Children are taking the day off school to call for the government to declare a state of climate emergency and implement a “Green New Deal” policy framework that would decarbonise the economy, and reduce social inequality.
“We’ve been angry for a long time,” said Noga Levy-Rapoport, a 17-year-old student and protest organiser from London. “Previously, we didn’t have a platform – and there was no way to express our anger.
“A whole generation has been ignored and now we aren’t going to stop pushing for change until the government takes action.”
An estimated 20,000 young people skipped school and attended protests organised by Youth Strike 4 Climate in February and in March an estimated 50,000 took to the streets.
“Momentum is building,” said Ms Levy-Rapoport. “As the protests get bigger more people are hearing about the movement.”
George Bond, a 16-year-old from Devon, who is active in the UK Student Climate Network said: “To adequately address the climate crisis, we need bold and ambitious ideas that inspire people to think of a better world. A Green New Deal is one such solution.
“With a promise of well-paid and secure jobs in the renewable and other green sectors, it would go a long way toward addressing the economic inequality that has disproportionately affected so many communities and regions around the UK as well as tackling climate change.”
He added: “Over the last three months attitudes have changed dramatically. The mainstream media and politicians are only just waking up to the power that young people have and what we can achieve.”
The growing global youth movement to combat climate change has been galvanised by actions taken by the Swedish teenager Greta Thunberg, who began a solo protest in Sweden last summer.
She was nominated for a Nobel Peace Prize in March for her role in sparking climate protests in more than 100 different countries.
Jake Woodier is a campaign officer with UK Student Climate Network, an organisation that provides logistical support to the children organising protests in the UK.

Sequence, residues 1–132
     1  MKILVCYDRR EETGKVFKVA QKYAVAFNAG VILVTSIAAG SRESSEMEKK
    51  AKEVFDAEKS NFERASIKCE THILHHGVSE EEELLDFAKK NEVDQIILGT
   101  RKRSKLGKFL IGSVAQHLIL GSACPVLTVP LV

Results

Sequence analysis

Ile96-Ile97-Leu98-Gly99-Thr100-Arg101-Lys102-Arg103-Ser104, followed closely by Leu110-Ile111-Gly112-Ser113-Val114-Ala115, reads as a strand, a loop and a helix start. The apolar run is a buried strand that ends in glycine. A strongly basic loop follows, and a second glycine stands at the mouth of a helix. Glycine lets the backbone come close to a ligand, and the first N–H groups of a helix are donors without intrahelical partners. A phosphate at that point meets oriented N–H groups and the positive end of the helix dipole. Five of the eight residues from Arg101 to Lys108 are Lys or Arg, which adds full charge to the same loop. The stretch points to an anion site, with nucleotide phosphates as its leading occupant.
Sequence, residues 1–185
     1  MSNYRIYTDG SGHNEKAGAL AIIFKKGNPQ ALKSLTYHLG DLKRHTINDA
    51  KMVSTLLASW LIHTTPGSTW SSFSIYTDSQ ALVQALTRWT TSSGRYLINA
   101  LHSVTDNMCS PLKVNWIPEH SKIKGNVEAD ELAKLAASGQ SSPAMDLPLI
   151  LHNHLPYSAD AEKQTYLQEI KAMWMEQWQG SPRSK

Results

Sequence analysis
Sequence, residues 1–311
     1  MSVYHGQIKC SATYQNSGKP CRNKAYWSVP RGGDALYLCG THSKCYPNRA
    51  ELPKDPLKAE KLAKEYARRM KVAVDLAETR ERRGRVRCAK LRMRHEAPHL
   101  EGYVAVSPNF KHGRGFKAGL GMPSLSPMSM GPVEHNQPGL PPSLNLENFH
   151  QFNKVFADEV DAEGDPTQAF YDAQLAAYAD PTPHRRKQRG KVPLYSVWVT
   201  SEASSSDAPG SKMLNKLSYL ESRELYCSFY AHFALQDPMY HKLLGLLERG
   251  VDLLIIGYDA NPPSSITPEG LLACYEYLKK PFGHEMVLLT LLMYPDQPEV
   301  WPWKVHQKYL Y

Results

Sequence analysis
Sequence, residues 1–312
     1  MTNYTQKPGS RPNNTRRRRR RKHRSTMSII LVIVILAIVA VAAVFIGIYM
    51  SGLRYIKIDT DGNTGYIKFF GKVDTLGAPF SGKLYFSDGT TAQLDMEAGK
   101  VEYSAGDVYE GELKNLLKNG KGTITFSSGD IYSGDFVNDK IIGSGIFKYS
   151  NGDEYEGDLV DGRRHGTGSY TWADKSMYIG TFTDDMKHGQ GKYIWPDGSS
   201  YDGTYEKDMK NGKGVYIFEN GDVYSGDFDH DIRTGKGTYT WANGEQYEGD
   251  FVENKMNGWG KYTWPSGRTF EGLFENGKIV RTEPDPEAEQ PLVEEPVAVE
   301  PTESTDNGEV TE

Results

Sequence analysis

“The children are spread out across the UK and mainly organise online,” he said. “New technologies are allowing young people to organise on a global scale in a way that has never been possible in the past. This is the first generation that truly grew up with mobile technology and the internet and they are reimagining the way that it can be used.”
Young people active within the UK Student Climate Network mainly communicate via mobile messaging applications and video conferencing technology, he added.
Protests earlier this year have seen police intervening as roads came to a standstill, activists scaled traffic lights and statues, and some sat in front of double-decker buses.
Demonstrators are also campaigning for the voices of young people to be considered when it comes to policy-making and for the voting age to be lowered to 16.
Environment Secretary Michael Gove has previously spoken of his support for strikes, saying: "Collective action of the kind you're championing can make a difference, and a profound one."
The latest strikes come in the wake of a United Nations report which warned that limiting global temperature rises to 1.5C above pre-industrial levels requires unprecedented action – including cutting global carbon dioxide emissions by almost half within 12 years.
Scientists have warned that the climate impacts, such as increased risk of flooding and extreme heat, will be become more severe as global temperatures rise beyond the 1.5C target.
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